A seven year legal battle that began with the arrests of day laborers along Artesia and Manhattan Beach boulevards reached an "en banc" panel of 11 Ninth Circuit judges. Photo by Mark McDermott
City Attorney Mike Webb defended a city ordinance aimed at stopping day laborers from soliciting work on city streets and sidewalks before a special panel of federal judges in San Francisco on Monday.
The hearing, before an ‘en banc’ panel of 11 judges from the United States Court of Appeals for the Ninth Circuit, followed a legal victory last June in which a three judge panel upheld the constitutionality the city’s law. A coalition of groups, including the Comite de Jornaleros and the Mexican American Legal and Educational Defense Fund, has challenged the law as a violation of First Amendment free speech rights. The lawsuit was originally filed in 2004. The coalition won the first round in a district court, but the appeals court overturned that decision last year.
Webb argued Monday that Redondo Beach’s ordinance – enacted in 1987 – was explicitly based on an ordinance adopted in Phoenix that has been upheld by the Ninth Circuit. He said the city’s law was simply a practical attempt to alleviate ongoing traffic problems caused by day laborers soliciting employment on city streets.
“In trying to deal with it in a constitutional manner, [the city] copied, word for word an ordinance that had been approved by this court some eight months before,” Webb told the justices. “Here we are now 24 years later, we are pushing our seventh year of litigation – the city defending itself on a facial challenge of the very ordinance that this court approved, and that has been approved several times.”
Most of the justices did not comment or question the argument. A few sharply questioned Webb.
Justice Marsha Berzon noted that Redondo had added an entire subsection to the Phoenix law specifying that it was also illegal for motorists to stop in order to hire someone seeking employment and suggested the city’s law may not be “content neutral” in that it could be seen as regulating speech, depending on what its content is, which would be a violation of free speech law. She questioned the need for the ordinance in addition to existing traffic laws.
“What difference does that make? If the problem the city is experiencing is a slowdown of traffic, people stopping and blocking the street – why isn’t it a complete answer to tell them to stop and walk the street?” Berzon said.
Justice Milan Smith also said that the Phoenix and Redondo ordinances were not identical because the city added sidewalks to its definition of a street or roadway. The Phoenix ordinance was unsuccessfully challenged by the ACORN activist group – who had solicited financial contributions from motorists – and only implicitly included sidewalks in its roadway definition.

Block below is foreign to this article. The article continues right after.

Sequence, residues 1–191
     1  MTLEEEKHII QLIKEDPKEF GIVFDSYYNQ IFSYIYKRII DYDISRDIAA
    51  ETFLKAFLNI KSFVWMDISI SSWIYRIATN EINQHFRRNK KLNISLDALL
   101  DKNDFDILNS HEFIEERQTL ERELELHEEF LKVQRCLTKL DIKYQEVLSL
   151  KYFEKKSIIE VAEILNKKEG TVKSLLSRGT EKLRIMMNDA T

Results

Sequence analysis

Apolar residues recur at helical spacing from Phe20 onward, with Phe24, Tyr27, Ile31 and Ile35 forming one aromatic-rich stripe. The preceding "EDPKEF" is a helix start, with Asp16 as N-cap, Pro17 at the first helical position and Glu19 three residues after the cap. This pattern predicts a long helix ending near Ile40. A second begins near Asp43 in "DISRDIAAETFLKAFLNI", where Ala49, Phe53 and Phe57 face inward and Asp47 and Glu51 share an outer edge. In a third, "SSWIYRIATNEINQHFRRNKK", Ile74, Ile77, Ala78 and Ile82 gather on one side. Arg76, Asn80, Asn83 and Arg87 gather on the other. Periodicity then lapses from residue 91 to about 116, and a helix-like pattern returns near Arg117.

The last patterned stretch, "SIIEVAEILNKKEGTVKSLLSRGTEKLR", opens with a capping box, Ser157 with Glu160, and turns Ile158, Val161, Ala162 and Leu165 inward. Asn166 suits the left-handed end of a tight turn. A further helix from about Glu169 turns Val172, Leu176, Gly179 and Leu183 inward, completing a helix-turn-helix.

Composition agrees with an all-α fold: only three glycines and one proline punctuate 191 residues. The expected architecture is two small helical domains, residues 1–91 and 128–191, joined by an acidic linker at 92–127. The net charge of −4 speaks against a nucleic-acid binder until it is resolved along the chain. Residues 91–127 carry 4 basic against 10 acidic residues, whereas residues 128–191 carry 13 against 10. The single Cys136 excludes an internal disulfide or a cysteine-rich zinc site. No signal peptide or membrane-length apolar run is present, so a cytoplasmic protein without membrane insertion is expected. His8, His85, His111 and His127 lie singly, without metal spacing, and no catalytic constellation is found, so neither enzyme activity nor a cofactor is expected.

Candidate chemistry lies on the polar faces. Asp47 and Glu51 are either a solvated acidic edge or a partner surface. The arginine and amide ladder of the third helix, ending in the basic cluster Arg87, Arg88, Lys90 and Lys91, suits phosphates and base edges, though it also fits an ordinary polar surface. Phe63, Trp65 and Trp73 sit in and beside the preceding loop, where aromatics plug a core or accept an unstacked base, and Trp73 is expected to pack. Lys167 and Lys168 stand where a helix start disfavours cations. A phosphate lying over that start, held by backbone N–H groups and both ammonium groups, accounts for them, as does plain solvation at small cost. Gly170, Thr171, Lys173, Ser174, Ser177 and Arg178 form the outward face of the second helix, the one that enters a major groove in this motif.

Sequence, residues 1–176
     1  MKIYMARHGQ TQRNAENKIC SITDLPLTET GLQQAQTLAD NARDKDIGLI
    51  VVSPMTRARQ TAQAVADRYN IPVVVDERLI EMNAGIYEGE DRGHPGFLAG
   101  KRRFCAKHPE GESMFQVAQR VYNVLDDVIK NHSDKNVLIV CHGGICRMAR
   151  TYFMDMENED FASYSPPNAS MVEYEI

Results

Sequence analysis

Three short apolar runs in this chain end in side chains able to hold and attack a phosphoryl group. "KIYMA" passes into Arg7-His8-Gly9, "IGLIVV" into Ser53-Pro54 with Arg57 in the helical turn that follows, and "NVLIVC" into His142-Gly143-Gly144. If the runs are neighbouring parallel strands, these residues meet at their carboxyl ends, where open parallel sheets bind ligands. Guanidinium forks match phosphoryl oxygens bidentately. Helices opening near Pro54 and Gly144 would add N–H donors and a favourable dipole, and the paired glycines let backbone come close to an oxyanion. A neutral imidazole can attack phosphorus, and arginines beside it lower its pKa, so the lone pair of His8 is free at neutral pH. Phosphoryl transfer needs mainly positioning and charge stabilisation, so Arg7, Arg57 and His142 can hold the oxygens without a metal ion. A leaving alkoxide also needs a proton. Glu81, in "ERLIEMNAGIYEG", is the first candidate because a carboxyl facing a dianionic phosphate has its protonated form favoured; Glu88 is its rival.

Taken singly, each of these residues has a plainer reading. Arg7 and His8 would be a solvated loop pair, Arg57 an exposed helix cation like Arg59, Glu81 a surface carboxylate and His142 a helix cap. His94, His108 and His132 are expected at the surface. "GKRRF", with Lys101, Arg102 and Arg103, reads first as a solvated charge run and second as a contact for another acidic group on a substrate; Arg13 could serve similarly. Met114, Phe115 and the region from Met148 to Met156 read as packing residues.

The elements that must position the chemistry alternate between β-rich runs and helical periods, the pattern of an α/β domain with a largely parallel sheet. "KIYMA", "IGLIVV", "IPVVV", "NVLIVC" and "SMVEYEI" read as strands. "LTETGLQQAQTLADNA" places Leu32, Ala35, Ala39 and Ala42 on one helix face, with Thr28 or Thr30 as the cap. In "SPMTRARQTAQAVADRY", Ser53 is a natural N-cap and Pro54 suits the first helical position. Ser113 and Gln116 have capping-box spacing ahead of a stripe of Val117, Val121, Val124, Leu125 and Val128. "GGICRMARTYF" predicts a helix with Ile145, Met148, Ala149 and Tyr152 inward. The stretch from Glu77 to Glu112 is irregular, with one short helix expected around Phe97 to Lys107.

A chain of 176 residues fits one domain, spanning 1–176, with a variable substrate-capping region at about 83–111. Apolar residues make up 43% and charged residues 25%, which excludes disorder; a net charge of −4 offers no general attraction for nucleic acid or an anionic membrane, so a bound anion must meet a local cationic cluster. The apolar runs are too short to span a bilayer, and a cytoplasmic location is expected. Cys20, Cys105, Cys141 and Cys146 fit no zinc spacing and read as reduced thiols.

“It’s not identical, and that, in and of itself, changes the ballgame, because you have the employment focus and deal with the sidewalk issue and the like,” Smith said. “…Because in ACORN, you have people running out to the car right in traffic, exchanging money.
“I live in Manhattan Beach, so I know about Redondo Beach,” Smith added. “It’s a very nice town and people are friendly and all that sort of thing. A lot of things happen on sidewalks that have absolutely nothing to do with what they had in ACORN. So I am puzzled why the city is so obdurate in refusing the fact that this is a content-based ordinance. It is a restrictive ordinance. It bans some solicitation, but not all solicitation.”
Webb said that both the district and previous appeal court had found Redondo’s ordinance content neutral. He said the city had added language to its ordinance so it could not be challenged for being overly vague. Webb repeatedly argued that the city’s law was tailored to a very specific problem rather than “a hypothetical” and it had worked effectively in a way previously existing traffic laws did not.
“Again, we are trying to address the actual concerns we have,” Webb said.
Thomas Saenz, an attorney representing the day laborers’ coalition, also pounded away on the “content neutral” argument.
“We have an ordinance that is constitutionally discriminatory on its face by not covering all solicitations….. that would require a car to stop,” Saenz said. “This ordinance, for example, would not stop someone from soliciting for signatures on a petition, whether a petition to quality for a ballot or petitioning for the Rock N’ Roll Hall of Fame to induct Brittany Spears.”
“That Brittany Spears thing doesn’t happen very often,” said Chief Justice Alex Kozinski. “Which is understandable.” ER